For 47 years, the Marshall University community has gathered around the Memorial Fountain in the heart of campus to honor 75 football players, coaches and fans who were lost in an airplane crash in 1970. This year, however, there was a unique addiction. For the first time, the keynote speaker was someone born after the crash.
Fisher Cross is the grandson of crash victims Pete and Courtney Proctor.
“At first my response was ‘wow, are you kidding me?’,” said Cross, “I still have peach fuzz on my face.”
Cross is a current Marshall student and works with the football team as a videographer, spending Saturdays filming Thundering Herd games, home and away. Cross says working with the Herd helps him connect to the grandparents he never met.
“I wanted to be involved with Marshall Football on the inside,” Cross told the crowd Tuesday, “because it helps me feel closer to my grandparents, who loved it dearly”
Cross spoke to the crowd about the importance of the Marshall community and the strength their shared tragedy has created.
“This University understands better than any that if you work hard enough, and love something hard enough and you care for something hard enough, you can accomplish anything,” Cross said. “I think I’m an example of that. Here 47 years later, two people who were on that plane, their grandson is still here.”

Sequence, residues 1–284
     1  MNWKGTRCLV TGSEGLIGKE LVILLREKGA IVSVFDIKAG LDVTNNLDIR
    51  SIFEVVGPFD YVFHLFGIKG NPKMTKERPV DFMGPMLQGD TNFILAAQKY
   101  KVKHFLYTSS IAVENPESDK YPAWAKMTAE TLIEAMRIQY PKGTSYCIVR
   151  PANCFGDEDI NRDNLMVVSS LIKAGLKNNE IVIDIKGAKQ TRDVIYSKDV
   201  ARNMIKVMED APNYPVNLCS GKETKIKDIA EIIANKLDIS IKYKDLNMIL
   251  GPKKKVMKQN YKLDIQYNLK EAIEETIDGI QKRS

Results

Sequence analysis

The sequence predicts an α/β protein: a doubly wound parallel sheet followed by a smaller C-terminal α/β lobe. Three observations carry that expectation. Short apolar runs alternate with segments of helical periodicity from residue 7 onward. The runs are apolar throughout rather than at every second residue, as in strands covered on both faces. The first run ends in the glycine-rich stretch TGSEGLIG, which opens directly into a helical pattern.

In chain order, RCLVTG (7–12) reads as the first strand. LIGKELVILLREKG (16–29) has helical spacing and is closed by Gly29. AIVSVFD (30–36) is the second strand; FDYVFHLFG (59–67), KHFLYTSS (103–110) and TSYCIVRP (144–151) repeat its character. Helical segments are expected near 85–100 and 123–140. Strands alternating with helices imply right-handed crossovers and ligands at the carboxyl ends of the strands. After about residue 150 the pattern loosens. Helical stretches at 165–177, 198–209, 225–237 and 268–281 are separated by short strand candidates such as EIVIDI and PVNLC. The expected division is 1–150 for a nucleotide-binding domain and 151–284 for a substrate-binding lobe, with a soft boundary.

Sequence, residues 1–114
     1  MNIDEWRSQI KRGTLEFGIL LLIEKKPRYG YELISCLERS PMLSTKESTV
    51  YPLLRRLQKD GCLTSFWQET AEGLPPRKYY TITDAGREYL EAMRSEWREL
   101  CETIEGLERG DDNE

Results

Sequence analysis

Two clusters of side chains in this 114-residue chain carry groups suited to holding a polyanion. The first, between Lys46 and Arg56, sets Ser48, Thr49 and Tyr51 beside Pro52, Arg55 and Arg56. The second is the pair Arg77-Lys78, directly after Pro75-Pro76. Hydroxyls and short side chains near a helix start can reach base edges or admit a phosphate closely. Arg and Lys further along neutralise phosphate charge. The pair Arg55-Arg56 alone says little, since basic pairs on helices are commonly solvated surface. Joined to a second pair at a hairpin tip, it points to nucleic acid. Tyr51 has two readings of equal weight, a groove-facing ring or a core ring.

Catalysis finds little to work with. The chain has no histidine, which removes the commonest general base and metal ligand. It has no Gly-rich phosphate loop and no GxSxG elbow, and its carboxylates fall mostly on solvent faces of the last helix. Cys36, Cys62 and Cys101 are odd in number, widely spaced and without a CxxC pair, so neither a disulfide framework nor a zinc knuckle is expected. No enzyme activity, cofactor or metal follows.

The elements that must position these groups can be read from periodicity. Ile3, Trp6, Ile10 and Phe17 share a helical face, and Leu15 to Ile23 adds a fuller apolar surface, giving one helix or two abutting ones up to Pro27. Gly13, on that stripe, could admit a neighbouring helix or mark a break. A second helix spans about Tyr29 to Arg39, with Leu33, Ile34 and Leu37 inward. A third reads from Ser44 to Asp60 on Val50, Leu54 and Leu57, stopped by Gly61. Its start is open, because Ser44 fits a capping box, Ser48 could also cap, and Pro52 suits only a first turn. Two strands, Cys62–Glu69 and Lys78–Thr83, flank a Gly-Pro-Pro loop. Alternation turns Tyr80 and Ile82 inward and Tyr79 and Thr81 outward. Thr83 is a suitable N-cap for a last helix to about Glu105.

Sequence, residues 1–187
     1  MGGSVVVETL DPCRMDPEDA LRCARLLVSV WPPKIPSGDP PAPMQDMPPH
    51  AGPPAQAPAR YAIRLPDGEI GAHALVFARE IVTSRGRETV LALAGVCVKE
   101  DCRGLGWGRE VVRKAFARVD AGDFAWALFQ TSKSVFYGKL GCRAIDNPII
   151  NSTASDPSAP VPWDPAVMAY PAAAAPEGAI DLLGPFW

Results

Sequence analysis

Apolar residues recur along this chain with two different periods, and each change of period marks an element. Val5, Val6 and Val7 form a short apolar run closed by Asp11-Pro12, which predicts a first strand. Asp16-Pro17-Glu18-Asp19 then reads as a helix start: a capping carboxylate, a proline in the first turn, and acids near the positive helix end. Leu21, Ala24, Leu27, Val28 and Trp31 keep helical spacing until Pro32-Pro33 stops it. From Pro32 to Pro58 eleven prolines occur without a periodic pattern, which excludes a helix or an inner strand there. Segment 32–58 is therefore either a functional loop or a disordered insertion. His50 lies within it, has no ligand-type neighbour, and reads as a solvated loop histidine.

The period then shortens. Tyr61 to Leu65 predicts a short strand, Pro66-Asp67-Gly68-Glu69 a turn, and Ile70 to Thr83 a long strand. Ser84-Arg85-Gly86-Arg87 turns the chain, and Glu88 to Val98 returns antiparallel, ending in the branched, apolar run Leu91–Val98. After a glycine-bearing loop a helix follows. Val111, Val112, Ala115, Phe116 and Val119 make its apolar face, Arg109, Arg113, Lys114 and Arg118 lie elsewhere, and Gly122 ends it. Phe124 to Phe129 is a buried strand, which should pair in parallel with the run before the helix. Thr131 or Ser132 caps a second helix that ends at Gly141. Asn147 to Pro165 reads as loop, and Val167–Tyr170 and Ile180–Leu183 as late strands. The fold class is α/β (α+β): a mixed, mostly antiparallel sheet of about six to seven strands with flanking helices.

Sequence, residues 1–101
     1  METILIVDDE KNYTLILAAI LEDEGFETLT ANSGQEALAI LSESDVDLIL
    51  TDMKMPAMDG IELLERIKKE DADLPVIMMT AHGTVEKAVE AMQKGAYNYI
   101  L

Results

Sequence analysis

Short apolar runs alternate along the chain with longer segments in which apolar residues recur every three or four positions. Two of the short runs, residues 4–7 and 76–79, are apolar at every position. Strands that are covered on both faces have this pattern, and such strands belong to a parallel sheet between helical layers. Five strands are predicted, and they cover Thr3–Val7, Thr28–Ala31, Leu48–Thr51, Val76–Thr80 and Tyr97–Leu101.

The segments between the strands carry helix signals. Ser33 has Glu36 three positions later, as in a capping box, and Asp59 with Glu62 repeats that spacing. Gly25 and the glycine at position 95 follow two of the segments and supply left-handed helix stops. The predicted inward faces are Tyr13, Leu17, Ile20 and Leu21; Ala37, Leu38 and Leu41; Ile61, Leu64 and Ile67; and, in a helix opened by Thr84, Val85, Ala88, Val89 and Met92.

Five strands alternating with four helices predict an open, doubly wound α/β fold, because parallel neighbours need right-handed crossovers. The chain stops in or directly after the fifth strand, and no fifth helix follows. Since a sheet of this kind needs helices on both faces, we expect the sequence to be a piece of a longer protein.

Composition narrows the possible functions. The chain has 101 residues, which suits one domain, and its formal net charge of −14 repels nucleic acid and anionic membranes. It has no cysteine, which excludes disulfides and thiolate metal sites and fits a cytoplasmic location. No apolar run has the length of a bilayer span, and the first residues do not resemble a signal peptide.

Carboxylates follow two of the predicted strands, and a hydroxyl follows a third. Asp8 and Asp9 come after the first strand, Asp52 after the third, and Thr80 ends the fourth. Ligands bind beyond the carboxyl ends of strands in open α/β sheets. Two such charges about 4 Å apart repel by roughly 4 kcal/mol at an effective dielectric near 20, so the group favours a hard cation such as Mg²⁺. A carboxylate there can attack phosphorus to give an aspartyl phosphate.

Cross said he wanted the speech to especially resonate with his peers, the thousands of students gathered at the fountain. One student in attendance says Cross may be more closely connected to the tragedy than most, his speech highlighted the unique experience of Marshall students decades after the deadly crash.
“Even though someone who’s my age we weren’t directly impacted, we weren’t involved… We still feel the loss, we still feel the spirit,” said Marshall University senior Alex Lover, “It showed that this will always be here, it will never go away.”